But warmer weather is expected to return by Monday, with the country enjoying temperatures of 77F (25C) before rain returns later on in the week. And the south and south-west of the country will also this weekend escape the worst of the weather, with towns like Weymouth experiencing sunshine.
A man walks with an umbrella through Wimbledon Common this morning as rain pounds the nation, with a yellow weather warning in place until Sunday evening
The departure board at St Pancras didn’t make the best reading this morning, with dozens of trains cancelled as repair work is carried out after intense heat caused damage to overhead power lines
Yesterday, the heatwave left holidaymakers and commuters at boiling point with Britain’s creaking transport system described as a national embarrassment after one of the busiest days of the year was hit by travel chaos.
Travel has continued to be affected by this today, as emergency repairs are carried out on parts of the rail network. With transport likely to be further compounded by flooding brought about by heavy rain today.
Jake Kelly, East Midlands Trains managing director, said: ‘We’re sorry to everybody who has experienced disrupted journeys over the past two days.
‘We are working very closely with Network Rail while they work to repair the overhead line equipment and fully reopen the railway, which will in turn allow us to reintroduce our full train service to and from London St Pancras.
‘Whilst this work takes place, we do have a significantly reduced timetable in place on our London route over the weekend and our advice for customers is to avoid travelling on this route wherever possible and make alternative arrangements.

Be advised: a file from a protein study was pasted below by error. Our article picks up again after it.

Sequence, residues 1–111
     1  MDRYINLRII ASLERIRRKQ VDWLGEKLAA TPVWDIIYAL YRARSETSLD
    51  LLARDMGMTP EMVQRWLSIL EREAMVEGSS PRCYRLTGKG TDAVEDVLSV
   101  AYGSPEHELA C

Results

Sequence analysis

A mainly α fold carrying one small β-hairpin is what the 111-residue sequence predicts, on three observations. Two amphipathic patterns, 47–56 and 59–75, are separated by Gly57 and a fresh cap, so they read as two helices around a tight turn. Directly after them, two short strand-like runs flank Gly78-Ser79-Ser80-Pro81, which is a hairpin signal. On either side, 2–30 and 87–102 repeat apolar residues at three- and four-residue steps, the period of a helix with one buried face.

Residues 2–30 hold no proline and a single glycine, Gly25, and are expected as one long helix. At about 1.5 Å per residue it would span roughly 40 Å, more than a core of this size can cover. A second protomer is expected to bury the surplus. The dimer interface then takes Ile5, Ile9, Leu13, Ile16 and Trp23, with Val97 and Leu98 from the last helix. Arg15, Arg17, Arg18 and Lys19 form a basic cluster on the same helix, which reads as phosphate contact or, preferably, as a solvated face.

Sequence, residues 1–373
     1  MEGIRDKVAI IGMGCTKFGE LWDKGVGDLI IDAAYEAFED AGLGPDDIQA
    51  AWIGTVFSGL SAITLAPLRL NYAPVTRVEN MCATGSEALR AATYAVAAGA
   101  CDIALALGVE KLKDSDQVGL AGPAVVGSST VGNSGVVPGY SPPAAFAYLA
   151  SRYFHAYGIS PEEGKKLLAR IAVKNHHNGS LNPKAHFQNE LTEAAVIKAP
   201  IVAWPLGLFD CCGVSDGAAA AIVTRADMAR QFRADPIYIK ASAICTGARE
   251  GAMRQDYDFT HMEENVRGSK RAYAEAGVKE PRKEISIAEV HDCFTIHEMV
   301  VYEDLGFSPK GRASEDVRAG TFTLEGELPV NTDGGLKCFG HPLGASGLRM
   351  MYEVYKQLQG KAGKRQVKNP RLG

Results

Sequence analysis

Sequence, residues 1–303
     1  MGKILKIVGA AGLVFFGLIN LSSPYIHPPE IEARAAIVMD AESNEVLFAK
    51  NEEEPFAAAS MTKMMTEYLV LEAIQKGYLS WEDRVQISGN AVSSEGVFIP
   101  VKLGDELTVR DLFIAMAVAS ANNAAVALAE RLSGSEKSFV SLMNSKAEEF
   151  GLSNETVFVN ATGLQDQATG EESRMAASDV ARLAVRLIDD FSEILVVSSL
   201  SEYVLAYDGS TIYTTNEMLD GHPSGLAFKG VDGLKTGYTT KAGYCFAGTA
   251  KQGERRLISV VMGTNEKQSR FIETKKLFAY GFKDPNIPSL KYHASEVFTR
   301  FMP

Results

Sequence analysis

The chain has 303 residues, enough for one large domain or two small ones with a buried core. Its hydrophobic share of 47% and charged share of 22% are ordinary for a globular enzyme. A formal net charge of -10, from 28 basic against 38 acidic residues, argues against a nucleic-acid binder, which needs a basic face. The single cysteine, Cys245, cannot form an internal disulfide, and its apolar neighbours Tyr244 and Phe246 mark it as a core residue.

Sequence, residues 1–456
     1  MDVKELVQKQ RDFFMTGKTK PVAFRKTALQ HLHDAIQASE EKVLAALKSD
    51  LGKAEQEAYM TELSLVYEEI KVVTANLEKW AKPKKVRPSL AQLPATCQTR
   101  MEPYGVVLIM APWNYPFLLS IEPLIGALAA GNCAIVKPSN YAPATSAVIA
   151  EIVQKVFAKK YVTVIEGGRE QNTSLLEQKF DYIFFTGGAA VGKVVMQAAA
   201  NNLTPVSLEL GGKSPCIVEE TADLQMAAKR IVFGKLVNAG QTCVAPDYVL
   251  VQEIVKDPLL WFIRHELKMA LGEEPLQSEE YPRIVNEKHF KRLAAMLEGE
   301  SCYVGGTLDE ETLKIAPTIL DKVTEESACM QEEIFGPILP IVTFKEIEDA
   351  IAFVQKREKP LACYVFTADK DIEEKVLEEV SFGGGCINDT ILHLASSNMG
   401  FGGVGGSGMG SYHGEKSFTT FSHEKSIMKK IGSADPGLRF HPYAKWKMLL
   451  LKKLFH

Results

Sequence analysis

Heavy rain is expected over the weekend, with a yellow warning in place for large swathes of the country. The rain is expected to bring flooding on roads and potential power cuts
Women walk across London Bridge during heavy rain this morning. London and the UK are experiencing heavy rain and stormy weather today
‘Due to the RMT industrial action, there will also be some changes to services on our local routes on Saturday, with revised timetables and replacement coach operations in place on some lines.’
Paul Rutter, Chief Operating Office for Network Rail, also apologised for the significant disruption, saying the ‘unprecedented heatwave’ had been ‘tremendously difficult’ for the train network.
He said: ‘As an industry, we took pre-emptive action to reduce the services running yesterday in response to the forecast extreme heat.
‘We continue to work closely with East Midlands Trains and Thameslink on keeping passengers moving safely and Network Rail engineers will continue to work round-the-clock to fix the over head line equipment, enabling a full service to run as soon as possible.
‘We would advise passengers not to travel on the Midland Main Line over the weekend unless absolutely necessary.
‘If you must travel, please check before travelling with your train operator or National Rail Enquiries. I would like to thank all those affected for their patience.’